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Chennai Municipal Waste Situation

Written By Gopal Krishna on Friday, October 10, 2008 | 2:35 AM

I was invited by the Expert Committee, Solid Waste Management, Pallikaranai Marsh Land, appointed by the Madras High Court to make a presentation at a public hearing, which was held on October 5, 2008.

The Committee heard the testimonies of the affected people and submissions by the experts in the matter of Municipal Solid Waste Management by the Chennai Municipal Corporation. An estimated 1,500 tonnes of garbage generated in the city gets dumped in Perungudi. Once known for its rich biodiversity and as a fresh water source, the Pallikaranai marsh today spews out toxic substances because of the dumping and burning of garbage at the Perungudi dump yard set up on a portion of the marsh. The Perungudi Sewage Treatment Plant (STP) has not improved the situation as the marsh has lost its fresh water characteristic due to letting of untreated sewage water.

Residents in the region are suffering from blisters, a symptom associated with dioxin emission of burning garbage and they feel that the establishment of the Perungudi dump yard by the Chennai Corporation at the marsh land was a blunder.

A study by the Chennai Corporation in 1996 was against the location of the dumpyard in the marsh land. The study said it was not advisable to locate it as the area is flood-hazard zone. Also with residential layouts approved near the marsh, which was also a waterbody, the implications of leachate formation would be significant. The dumpyard is causing an irreparable damage to the environment and also affecting the residents living nearby.

The impact of setting up an STP and dump yard in the marsh has resulted in air and water pollution. Residents have to shell out more money for purchasing water and medicine. The heavy metals dumped in the landfill had contaminated the ground water making it unusable for any purpose.

The residents living around the Perungudi dump yard and the STP suffered from various ailments of throat pain, suffocation, cold and other health problems.
The marsh, once spread over 5,000 hectares, got fragmented over the years because of various developments, including the Mass Rapid Transit System, construction of institutional complexes and the setting up of the STP and the dump yard Pallikaranai marsh still has a chance to be retrieved from destruction.

An extensive study on the marsh was carried out. Nearly 317 hectares on the southern end of the marsh had been declared a protected site under the Tamil Nadu Forest Act, 1882. Demarcating the remaining portion of the marsh located on the northern end as protected area could nurse the marsh back to a natural recovery.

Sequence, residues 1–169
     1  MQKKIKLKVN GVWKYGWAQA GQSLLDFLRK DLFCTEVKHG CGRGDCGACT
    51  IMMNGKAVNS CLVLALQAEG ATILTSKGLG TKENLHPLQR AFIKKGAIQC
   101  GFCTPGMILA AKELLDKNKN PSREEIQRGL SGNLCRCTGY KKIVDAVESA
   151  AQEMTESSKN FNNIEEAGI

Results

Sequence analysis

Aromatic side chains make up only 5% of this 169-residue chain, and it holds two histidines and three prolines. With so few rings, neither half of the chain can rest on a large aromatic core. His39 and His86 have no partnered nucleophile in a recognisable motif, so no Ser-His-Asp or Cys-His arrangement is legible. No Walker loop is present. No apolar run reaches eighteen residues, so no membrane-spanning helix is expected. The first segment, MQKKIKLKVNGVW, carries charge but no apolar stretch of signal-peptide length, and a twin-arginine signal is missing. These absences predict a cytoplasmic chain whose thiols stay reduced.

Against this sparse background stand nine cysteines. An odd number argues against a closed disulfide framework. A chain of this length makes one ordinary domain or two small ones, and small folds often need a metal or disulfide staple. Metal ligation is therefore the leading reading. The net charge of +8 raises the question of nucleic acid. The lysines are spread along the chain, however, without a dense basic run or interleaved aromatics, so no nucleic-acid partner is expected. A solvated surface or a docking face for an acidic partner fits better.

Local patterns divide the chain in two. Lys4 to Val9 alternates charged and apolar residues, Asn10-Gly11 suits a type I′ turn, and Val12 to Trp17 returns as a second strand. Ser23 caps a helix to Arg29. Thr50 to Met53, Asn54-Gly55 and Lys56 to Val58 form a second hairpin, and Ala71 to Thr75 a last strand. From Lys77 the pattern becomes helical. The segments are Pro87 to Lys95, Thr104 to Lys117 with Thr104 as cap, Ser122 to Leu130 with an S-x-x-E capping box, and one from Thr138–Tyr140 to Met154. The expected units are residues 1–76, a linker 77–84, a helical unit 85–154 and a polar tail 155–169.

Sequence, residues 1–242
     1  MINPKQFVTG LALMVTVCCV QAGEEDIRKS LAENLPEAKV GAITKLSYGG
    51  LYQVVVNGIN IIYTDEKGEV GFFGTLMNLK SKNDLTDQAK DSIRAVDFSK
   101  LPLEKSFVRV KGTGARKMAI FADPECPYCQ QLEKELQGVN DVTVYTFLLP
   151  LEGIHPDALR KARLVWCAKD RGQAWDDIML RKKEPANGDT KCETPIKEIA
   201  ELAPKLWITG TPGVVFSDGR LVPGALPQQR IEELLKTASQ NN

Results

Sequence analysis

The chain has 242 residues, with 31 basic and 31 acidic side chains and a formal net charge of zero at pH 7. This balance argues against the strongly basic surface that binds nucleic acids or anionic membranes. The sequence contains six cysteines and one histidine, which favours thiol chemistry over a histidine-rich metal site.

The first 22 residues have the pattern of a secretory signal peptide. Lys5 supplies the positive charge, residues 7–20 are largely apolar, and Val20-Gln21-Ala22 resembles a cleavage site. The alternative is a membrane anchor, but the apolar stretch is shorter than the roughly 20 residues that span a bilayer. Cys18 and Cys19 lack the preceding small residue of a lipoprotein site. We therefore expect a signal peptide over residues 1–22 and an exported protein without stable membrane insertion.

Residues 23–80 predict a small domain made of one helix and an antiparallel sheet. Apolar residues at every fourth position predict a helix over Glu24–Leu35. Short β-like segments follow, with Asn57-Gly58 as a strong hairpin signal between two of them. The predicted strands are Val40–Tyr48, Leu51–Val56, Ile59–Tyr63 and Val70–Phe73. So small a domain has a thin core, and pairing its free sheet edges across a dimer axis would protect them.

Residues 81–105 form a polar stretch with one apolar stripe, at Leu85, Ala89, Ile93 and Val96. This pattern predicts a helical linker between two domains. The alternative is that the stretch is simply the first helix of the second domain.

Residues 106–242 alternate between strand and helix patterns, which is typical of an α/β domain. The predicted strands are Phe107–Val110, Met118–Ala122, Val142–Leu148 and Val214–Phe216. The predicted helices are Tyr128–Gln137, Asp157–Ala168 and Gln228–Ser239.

Environmentalists and residents have charged the Chennai Municipal Corporation with expanding the dump yard. With the natural course of water being from north to south, the civic agency, by expanding the landfill towards north, is blocking water from draining out.

Today the civic agency occupied double the space allotted for the landfill and has been expanding day by day.

Later, I was invited by the Chennai Corporation Commissioner Rajesh Lakhoni who wished to understand the environmental health concerns with regard to waste to energy projects based on RDF technology and the its track record else where. I was accompanied by Nityanand Jayaraman. Our meeting concluded with the Commissioner stating that source segregation appeared to be the only solution for reducing garbage generation. The Corporation is also taking steps to stop burning of garbage at the dump yard. The Commissioner sought some studies and relevant court orders in order to act on the proposed waste to energy project in Chennai.

There was a Press Meet too to inform the media persons about the global and national experience with such projects and the violation of international and national laws that it entails.

Staff and faculty of Indian Institute of Technology, Madras too has strongly urged the concerned authorities to take the following steps:
1. A Complete Stop to Dumping of untreated waste and sewage at the Site
2. Declare the whole of Pallikarnai marsh as an ecologically sensitive reserved marsh
3. Scrap all plans for construction of incinerators and/or landfills in or around the area
4. Implement measures throughout Chennai to segregate waste at source, and